Warrensburgh Historical Society President Paul Gilchrist reviews the group’s 2012 accomplishments and activities during at the Society’s annual dinner held Dec. 7 at Lizzie Keays Restaurant.
Photo by Thom Randall.
Property donated to Historical Society
Area developer and Warrensburg resident Richard Emerson has donated 2.7 acres of riverside property to the Warrensburgh Historical Society.
Paul Gilchrist, president of the group, made the announcement Friday, Dec. 7 at the Society’s annual meeting and holiday dinner held at Lizzie Keays restaurant.
The 2.7 acres of property, located across the river from the Grist Mill Restaurant, was the historical site of the Burhans tannery and John Smith’s sawmill and electrical generation plant, Gilchrist said.
Emerson had planned to build multi-story condominiums on the site, but the project ran into regulatory obstacles, Society officials said.
The land is assessed at over $30,000, and Society members said they were thrilled about the donation.
Gilchrist reviewed the activities and programs of the Society during 2012.
New this year was the exposition of old farm and logging machinery presented in October by Tom Davis at his property on Lamb Hill Road in Diamond Point. The demonstration of his antique machinery was educational and quite well received, Gilchrist said.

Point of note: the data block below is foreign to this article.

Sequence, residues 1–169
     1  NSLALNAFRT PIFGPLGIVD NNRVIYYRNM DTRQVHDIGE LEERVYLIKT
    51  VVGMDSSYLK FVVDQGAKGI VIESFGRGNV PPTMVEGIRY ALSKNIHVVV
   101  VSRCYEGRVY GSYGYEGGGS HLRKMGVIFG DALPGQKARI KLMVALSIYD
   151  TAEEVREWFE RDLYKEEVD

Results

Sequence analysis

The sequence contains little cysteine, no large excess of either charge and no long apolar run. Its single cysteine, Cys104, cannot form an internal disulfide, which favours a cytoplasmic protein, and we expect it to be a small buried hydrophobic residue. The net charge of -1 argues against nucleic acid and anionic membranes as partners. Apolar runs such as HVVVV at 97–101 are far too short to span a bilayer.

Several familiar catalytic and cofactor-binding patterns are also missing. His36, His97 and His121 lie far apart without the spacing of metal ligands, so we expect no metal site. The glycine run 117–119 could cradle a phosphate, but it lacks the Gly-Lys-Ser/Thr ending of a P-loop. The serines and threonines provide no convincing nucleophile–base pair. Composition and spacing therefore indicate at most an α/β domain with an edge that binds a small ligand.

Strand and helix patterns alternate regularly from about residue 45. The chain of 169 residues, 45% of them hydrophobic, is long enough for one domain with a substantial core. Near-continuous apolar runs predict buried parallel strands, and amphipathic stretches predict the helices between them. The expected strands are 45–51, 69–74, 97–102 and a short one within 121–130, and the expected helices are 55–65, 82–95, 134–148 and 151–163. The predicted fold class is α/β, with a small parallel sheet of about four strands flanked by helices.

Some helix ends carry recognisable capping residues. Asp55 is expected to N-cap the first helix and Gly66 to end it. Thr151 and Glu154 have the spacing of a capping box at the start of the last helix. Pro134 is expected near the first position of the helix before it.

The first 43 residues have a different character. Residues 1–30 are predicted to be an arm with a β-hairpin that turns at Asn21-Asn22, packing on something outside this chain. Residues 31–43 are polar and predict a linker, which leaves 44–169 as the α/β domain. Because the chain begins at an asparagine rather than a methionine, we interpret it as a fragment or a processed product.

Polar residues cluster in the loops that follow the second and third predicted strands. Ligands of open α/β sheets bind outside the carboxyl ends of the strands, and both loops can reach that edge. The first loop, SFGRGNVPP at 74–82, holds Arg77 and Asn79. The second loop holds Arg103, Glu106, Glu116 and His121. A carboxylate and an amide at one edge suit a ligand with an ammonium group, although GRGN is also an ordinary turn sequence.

The Society has continued building a relationship with Warrensburg’s schools, and the effort is lead by Mark Brown and Rosemary Maher, Gilchrist said. A year ago, John Burns’ high school environmental science students presented research projects on the history of commercial, manufacturing or business sites in town This year’s students are working on their projects now, and presentations will be in mid-December.
Gilchrist noted that Delbert Chambers of Thurman has curated and presented several remarkable holiday exhibits at the Warrensburgh Museum of Local History. Last year, he organized the museum’s holiday exhibit “My Dolly,” featuring 70 dolls loaned by local citizens. This year, Chambers received 100 contributions for the “Our Toys” exhibit. Next year, an exhibit of doll houses is planned.
Gilchrist also noted that the Society held a major planning forum at in March to develop ideas for the future of the Historical Museum and the Society, and the session was productive.